Early high-frequency oscillatory ventilation versus synchronized intermittent mandatory ventilation in very low birth weight infants: a pilot study of two ventilation protocols

J Perinatol. 2001 Jun;21(4):221-9. doi: 10.1038/sj.jp.7210527.


Objective: To evaluate the feasibility of conducting a prospective, randomized trial comparing early high-frequency oscillatory ventilation (HFOV) to synchronized intermittent mandatory ventilation (SIMV) in very low birth weight (VLBW) premature infants. This pilot study evaluated two ventilator management protocols to determine how well they could be implemented in a multicenter clinical trial. Although this pilot study was not powered to detect differences in outcome, we also collected outcome data.

Design: Prospective, multicenter, randomized pilot study.

Setting: Seven tertiary-level intensive care nurseries with previous experience with both HFOV and flow-triggered SIMV.

Patients: Fifty infants weighing 501 to 1200 g, less than 4 hours of age, who had received one dose of surfactant and required ventilation with mean airway pressure > or =6 cm H2O and F(I)O2 > or =0.25, and had an anticipated duration of ventilation greater than 24 hours.

Interventions: Patients were stratified by birth weight and prenatal steroid status, then randomized to either HFOV or SIMV with tidal volume monitoring. Ventilator management for patients in both study arms was strictly governed by protocols that included optimizing lung inflation and blood gases, weaning strategies, and extubation criteria.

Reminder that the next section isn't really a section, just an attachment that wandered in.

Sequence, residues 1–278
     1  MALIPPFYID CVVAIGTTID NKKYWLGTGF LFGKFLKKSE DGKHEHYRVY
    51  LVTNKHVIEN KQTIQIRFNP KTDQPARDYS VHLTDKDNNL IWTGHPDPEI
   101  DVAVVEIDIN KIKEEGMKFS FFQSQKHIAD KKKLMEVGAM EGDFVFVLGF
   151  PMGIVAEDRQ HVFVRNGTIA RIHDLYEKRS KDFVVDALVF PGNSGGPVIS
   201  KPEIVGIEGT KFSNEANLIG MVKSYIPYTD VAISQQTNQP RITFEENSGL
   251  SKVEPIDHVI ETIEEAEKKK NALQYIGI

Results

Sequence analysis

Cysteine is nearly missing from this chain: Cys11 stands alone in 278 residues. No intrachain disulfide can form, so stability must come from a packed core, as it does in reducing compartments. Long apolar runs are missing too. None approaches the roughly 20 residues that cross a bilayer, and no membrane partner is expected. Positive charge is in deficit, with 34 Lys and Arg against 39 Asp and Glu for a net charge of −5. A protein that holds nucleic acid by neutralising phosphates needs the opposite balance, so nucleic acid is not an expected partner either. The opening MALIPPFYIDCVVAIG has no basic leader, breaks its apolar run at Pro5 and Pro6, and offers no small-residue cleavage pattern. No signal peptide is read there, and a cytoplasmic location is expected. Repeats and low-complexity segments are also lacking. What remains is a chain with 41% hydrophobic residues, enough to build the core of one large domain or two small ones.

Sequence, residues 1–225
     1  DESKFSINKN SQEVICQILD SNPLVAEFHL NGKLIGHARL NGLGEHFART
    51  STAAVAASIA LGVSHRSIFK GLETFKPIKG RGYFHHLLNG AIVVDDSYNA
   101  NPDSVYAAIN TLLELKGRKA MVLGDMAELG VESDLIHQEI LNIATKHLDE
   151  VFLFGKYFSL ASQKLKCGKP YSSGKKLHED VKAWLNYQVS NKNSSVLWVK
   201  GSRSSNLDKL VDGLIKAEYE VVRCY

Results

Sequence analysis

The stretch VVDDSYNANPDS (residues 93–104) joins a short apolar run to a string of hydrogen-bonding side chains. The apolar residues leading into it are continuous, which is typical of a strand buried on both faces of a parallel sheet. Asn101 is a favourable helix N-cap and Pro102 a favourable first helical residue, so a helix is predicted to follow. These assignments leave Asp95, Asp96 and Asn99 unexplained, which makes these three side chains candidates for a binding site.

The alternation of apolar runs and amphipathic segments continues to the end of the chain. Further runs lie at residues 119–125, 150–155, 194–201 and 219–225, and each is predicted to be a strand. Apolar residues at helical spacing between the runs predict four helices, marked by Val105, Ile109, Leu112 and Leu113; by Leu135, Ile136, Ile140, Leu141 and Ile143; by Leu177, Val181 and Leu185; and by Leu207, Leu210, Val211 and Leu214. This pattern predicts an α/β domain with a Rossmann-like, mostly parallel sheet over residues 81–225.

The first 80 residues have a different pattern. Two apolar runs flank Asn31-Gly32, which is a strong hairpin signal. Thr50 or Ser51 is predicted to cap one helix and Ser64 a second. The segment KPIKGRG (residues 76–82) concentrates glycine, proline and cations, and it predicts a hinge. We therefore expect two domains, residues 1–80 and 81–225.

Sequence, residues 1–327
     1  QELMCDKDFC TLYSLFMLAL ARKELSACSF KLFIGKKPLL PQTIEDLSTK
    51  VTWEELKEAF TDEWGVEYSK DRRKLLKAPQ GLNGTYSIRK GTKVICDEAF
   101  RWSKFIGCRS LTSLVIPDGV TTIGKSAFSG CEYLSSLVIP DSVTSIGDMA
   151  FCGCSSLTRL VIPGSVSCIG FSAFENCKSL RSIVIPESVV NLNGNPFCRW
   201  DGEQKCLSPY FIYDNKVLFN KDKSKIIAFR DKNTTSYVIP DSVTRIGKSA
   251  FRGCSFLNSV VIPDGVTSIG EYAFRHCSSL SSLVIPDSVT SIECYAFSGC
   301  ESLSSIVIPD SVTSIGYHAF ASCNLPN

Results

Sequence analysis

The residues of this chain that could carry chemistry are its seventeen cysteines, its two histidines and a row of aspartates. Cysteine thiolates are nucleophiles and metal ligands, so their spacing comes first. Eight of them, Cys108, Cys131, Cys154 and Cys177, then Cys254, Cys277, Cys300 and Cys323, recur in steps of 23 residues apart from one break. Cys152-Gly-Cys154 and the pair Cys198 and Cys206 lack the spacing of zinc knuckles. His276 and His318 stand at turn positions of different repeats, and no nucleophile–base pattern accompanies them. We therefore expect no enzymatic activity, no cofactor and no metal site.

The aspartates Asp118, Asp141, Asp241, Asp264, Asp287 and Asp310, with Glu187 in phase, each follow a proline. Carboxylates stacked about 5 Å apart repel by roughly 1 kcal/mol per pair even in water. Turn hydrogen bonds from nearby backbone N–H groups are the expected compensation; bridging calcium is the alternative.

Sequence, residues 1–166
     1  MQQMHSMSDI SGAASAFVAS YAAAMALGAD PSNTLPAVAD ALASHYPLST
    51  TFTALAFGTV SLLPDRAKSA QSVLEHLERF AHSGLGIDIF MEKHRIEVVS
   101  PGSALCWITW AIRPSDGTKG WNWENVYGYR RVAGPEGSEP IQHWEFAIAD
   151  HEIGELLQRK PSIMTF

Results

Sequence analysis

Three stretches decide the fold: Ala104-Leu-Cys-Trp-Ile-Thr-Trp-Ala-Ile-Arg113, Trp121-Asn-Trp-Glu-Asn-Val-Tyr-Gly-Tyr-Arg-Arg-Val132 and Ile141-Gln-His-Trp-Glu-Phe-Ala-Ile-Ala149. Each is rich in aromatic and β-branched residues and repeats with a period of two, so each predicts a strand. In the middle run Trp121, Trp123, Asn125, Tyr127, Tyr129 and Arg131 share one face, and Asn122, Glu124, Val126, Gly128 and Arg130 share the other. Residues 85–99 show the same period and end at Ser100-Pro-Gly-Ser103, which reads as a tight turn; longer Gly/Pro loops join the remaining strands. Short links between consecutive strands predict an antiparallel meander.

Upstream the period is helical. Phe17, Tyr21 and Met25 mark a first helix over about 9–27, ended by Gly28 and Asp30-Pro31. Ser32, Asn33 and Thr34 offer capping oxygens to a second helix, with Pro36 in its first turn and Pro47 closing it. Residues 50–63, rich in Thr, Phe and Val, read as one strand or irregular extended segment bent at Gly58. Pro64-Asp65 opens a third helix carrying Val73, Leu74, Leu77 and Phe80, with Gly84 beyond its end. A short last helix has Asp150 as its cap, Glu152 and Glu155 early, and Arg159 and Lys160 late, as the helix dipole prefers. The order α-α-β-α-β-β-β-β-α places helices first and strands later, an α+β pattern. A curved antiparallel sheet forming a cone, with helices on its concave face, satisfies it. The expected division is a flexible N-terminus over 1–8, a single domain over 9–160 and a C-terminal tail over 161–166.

Measurements: Data were collected using the tools planned for the larger collaborative study. Protocol compliance was closely monitored, with successive changes in the protocol made as necessary to improve clarity and increase compliance. The incidence of major neonatal adverse outcomes was recorded.

Main results: Data are presented for 24 HFOV and 24 SIMV infants (two infants, twins, were withdrawn from the study at parent's request). Nineteen of the 24 HFOV infants and 20 of the 24 SIMV infants survived to 36 weeks corrected age. Age at final extubation for survivors was 16+/-16 (mean+/-SD) days for HFOV infants and 24+/-24 days for SIMV infants. At 36 weeks corrected age, 14 of the 19 HFOV survivors were extubated and in room air, whereas 5 required supplemental oxygen. In comparison, 6 of the 20 SIMV survivors were extubated and in room air, whereas 14 required supplemental oxygen. Grade III/IV IVH and/or periventricular leukomalacia occurred in 2 HFOV and 2 SIMV patients. Overall compliance with the ventilator protocols was 82% for the SIMV protocol, and 88% for the HFOV protocol.

Conclusions: The preliminary outcome data supports conducting the large randomized trial, which began in July of 1998. The protocols for the ventilator management of VLBW infants, both with HFOV and with SIMV were easily implemented and consistently followed, and are presented here.

Publication types

  • Clinical Trial
  • Multicenter Study
  • Randomized Controlled Trial
  • Research Support, Non-U.S. Gov't

MeSH terms

  • Age Factors
  • Feasibility Studies
  • High-Frequency Ventilation / methods*
  • Humans
  • Infant, Low Birth Weight*
  • Infant, Newborn
  • Intermittent Positive-Pressure Ventilation / methods*
  • Pilot Projects
  • Prospective Studies